They are probably safe from any big success in Iraq this year. No matter how well our forces are doing, the Iraqis are not taking advantage of what we have done. The fact that Ambassador Khalilzad has threatened to cut off funding of Iraqi police forces -- because the Maliki government hasn't rid them of death squads -- says too much. But the lack of good news may be overshadowed by bad news. Terrorists in Iraq and elsewhere may have learned from 2004 as well. The famously leaked National Intelligence Estimate of last week says, in part, "United States-led counterterrorism efforts have seriously damaged the leadership of al-Qaeda and disrupted its operations..." Two years ago, bin Laden's pre-election videotape had no noticeable effect on the election. This time, al-Qaeda or others may try something different. What if there were a massive terrorist attack in Iraq or Afghanistan just before the election? How would voters react to an attack that caused massive American casualties? Probably not in the way that Carville and Kerry think. When the president said last week that the party of Harry Truman and Franklin Roosevelt had become the party of "cut and run," it resonated. It's a pity that Republican candidates don't get it.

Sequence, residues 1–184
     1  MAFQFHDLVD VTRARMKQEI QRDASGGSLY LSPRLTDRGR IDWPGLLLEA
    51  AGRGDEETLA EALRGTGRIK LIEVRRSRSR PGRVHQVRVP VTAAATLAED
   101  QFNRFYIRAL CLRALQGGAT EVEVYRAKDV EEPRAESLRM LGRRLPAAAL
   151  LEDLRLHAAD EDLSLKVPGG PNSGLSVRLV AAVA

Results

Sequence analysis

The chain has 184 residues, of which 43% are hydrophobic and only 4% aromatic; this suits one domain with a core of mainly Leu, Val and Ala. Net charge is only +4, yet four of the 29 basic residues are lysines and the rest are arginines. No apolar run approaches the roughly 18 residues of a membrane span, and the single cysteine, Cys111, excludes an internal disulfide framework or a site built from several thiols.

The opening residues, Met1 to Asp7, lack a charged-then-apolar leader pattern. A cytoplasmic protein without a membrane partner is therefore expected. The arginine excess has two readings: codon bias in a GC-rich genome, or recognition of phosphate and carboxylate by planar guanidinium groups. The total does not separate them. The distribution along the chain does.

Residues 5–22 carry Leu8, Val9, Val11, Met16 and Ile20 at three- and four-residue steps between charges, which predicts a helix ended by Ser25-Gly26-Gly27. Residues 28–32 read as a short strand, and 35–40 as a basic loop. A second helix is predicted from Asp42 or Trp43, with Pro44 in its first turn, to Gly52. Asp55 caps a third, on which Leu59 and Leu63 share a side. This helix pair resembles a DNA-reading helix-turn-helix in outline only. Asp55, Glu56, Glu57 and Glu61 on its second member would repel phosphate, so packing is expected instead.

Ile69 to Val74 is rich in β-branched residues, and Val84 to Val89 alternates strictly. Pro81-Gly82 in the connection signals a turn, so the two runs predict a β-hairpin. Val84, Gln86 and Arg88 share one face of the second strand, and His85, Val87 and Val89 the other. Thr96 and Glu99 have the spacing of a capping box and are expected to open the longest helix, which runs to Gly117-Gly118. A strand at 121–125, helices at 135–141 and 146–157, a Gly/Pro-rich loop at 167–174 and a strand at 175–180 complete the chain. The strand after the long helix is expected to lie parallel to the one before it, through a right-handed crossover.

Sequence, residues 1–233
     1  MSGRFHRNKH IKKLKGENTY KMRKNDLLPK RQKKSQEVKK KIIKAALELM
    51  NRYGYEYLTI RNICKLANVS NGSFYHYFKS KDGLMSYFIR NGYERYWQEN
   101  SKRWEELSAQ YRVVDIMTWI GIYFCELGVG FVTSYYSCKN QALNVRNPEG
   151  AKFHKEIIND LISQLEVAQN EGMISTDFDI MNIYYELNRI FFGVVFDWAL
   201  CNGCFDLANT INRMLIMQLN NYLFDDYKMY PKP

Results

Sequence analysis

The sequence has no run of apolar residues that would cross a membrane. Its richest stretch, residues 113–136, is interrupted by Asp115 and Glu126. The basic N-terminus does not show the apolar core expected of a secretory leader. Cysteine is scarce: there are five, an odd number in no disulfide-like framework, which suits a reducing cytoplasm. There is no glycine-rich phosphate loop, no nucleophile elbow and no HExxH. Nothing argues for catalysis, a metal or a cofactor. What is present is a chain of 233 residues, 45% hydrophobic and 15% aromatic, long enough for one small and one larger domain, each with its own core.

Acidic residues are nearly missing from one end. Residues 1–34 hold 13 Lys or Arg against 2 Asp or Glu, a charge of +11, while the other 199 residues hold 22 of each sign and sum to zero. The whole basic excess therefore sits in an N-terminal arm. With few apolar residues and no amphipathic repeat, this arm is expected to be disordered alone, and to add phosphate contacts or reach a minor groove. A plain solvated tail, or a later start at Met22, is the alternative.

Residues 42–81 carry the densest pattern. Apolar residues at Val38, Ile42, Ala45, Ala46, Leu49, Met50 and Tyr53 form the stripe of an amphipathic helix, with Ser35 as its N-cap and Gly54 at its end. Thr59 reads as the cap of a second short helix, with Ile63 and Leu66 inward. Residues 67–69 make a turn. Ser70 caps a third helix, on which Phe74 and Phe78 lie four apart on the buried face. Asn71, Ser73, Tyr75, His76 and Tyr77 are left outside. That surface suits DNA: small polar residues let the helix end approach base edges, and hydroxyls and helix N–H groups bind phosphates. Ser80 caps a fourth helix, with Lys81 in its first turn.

In the past week we've heard Al Gore declare that cigarette smoking is a big reason for global warming, Sen. Mike DeWine of Ohio say that he doesn't know what the president means when he says Dems are the "cut and run" party, and Bob Woodward's 576-page campaign script for Howard Dean's 2008 run tell us the shocking news that Don Rumsfeld doesn't always get along with Condi Rice. If voters aren't confused, it's no fault of either national party. Or of Mortuary Bob Woodward, best remembered for his patently fictional deathbed interview of former CIA Director William Casey.